- Member for
- 2 years 1 month
After the dust clears today in St. Paul, it appears that Bemidji's needs have been heard by legislators and will be answered. Of course, politics are always in play and that's why it always seems to take to the last minute to resolve everything -- or in overtime sometimes as was the case last year -- but we'd like to believe that our community made the case and won on the merits of our requests. At any rate, with final votes expected sometime before 7 a.m.
As the end of the 2006 session of the Minnesota Legislature nears, the potential of leaving St. Paul without meaningful property tax relief looms large. With agreement still lacking on the session's top priority -- crafting a public works bill -- the Legislature could easily adjourn with a basketful of unfinished business. The Minnesota Supreme Court's decision earlier this week should have cleared the way for fast agreement on several spending issues, most notably how to spend a $317 million tax relief account.
Americans want to feel secure within the nation's borders, but they also want assurances that the ideals of America, the Land of Opportunity, is retained. President Bush, in his address to the nation on Monday night, gave those assur-ances in an attempt to break the congres-sional gridlock over immigration reforms that teeter between excessive and weak. The president laid out a thoughtful plan to increase patrols of our Southern border, an attempt to stem the tide of illegal entry into this nation, adding 6,000 more Border Patrol agents to the 12,000 already there.
The revelation late last week that the National Security Agency has been compiling a database of information on millions of Americans' everyday telephone calls is troubling and yet another indication that the Bush administration intends to keep on trampling over the privacy rights of American citizens for the sake of what it says is fighting terrorism. There is no doubt that just how unprepared we were on Sept. 11, 2001, forced us to take serious steps to provide homeland security.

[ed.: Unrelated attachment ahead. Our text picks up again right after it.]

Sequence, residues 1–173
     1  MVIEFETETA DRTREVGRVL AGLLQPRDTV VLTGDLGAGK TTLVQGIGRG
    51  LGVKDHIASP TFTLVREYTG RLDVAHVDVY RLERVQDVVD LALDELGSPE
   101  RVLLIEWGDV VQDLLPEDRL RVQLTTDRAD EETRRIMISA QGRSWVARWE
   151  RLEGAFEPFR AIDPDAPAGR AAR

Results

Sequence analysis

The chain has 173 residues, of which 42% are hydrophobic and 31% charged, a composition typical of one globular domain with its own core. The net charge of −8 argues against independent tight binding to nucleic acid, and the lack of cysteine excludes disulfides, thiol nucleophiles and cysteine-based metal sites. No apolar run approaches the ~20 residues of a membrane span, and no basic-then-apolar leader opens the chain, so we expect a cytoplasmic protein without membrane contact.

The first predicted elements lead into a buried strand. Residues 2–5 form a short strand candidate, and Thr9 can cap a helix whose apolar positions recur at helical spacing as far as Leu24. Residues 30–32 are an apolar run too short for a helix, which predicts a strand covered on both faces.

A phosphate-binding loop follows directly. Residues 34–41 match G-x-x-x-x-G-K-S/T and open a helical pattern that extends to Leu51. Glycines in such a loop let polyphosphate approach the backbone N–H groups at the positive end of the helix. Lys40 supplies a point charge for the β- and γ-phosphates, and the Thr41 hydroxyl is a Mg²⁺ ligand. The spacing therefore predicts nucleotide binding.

This week marks the annual celebration of the start of Minnesota's fishing season. But this year takes on new meaning as the return of the walleye is celebrated in Lower and Upper Red Lake. After the walleye fishery collapsed, both the state of Minnesota and the Red Lake Band of Chippewa wisely imposed a moratorium on walleye harvesting in 1997.
The U.S. House again on Wednesday voted to widen the federal deficit by giving tax breaks to the wealthy and crumbs to the middle income. The Republican-led House's mantra for tax cuts continues, giving President Bush an election year victory to campaign this fall, saying he and the GOP Congress delivered tax cuts. Now there's nothing wrong with tax cuts -- we all want a little more check at the end of the month. But what worries us is the bill our children and grandchildren will get, plus that the majority of those getting the tax breaks don't need them.
For some reason, Republicans want to blame government for the high price of gasoline. At least, so it seems. A couple dozen state Republican lawmakers, led by Rep. Paul Kohls, R-Victoria, said Tuesday they would author legislation yet this session to have the state's 20-cent-a-gallon gas tax "blink off" for six months, from July 1 to Dec. 31, to help motorists who now are paying around $2.75 a gallon for gasoline. The move comes on the heels of U.S. House Republicans -- led by Rep. Mark Kennedy of Minnesota, the leading GOP contender for retiring DFL U.S. Sen.
Minnesota has no greater asset than its lakes and woods, fields and streams, flora and fauna. The protection of our valuable natural resources should rank at the top of everyone's list. Yet, in recent years, because of a rush of other issues demanding attention and with a severe lack of financial resources to take care of all of our needs, the environment has taken a back seat.
It took only a week, but the Minnesota Legislature completed efforts Thursday which could result in the most meaningful measure to surface from the Legislature in years. On Thursday, with a 66-0 vote, the Senate sent to Gov. Tim Pawlenty a bill setting standards to reduce mercury emissions, joining the House which passed its bill unanimously on Monday.
With the Minnesota House approving legislation Wednesday to authorize a new Minnesota Twins stadium, it appears the Minnesota Legis-lature is on the verge of something that has eluded it for 10 years -- a new baseball stadium. Not only that, by the time the dust clears May 22, we may have three stadiums in the works. The first question we ask: Is it proper? Next: Do we have the time?